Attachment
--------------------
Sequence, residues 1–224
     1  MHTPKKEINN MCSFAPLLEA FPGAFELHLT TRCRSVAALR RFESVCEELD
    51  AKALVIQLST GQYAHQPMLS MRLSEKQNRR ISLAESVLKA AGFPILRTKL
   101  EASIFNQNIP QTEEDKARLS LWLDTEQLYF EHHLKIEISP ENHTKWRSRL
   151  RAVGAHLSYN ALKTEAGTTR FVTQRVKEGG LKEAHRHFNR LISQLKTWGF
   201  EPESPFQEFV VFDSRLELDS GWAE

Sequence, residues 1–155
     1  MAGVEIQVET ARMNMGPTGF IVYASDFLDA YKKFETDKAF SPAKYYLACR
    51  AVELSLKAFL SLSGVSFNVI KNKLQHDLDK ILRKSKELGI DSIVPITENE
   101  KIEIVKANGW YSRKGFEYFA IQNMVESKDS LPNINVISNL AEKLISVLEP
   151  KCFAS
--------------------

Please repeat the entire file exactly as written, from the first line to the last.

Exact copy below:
Sequence, residues 1–224
     1  MHTPKKEINN MCSFAPLLEA FPGAFELHLT TRCRSVAALR RFESVCEELD
    51  AKALVIQLST GQYAHQPMLS MRLSEKQNRR ISLAESVLKA AGFPILRTKL
   101  EASIFNQNIP QTEEDKARLS LWLDTEQLYF EHHLKIEISP ENHTKWRSRL
   151  RAVGAHLSYN ALKTEAGTTR FVTQRVKEGG LKEAHRHFNR LISQLKTWGF
   201  EPESPFQEFV VFDSRLELDS GWAE

Sequence, residues 1–155
     1  MAGVEIQVET ARMNMGPTGF IVYASDFLDA YKKFETDKAF SPAKYYLACR
    51  AVELSLKAFL SLSGVSFNVI KNKLQHDLDK ILRKSKELGI DSIVPITENE
   101  KIEIVKANGW YSRKGFEYFA IQNMVESKDS LPNINVISNL AEKLISVLEP
   151  KCFAS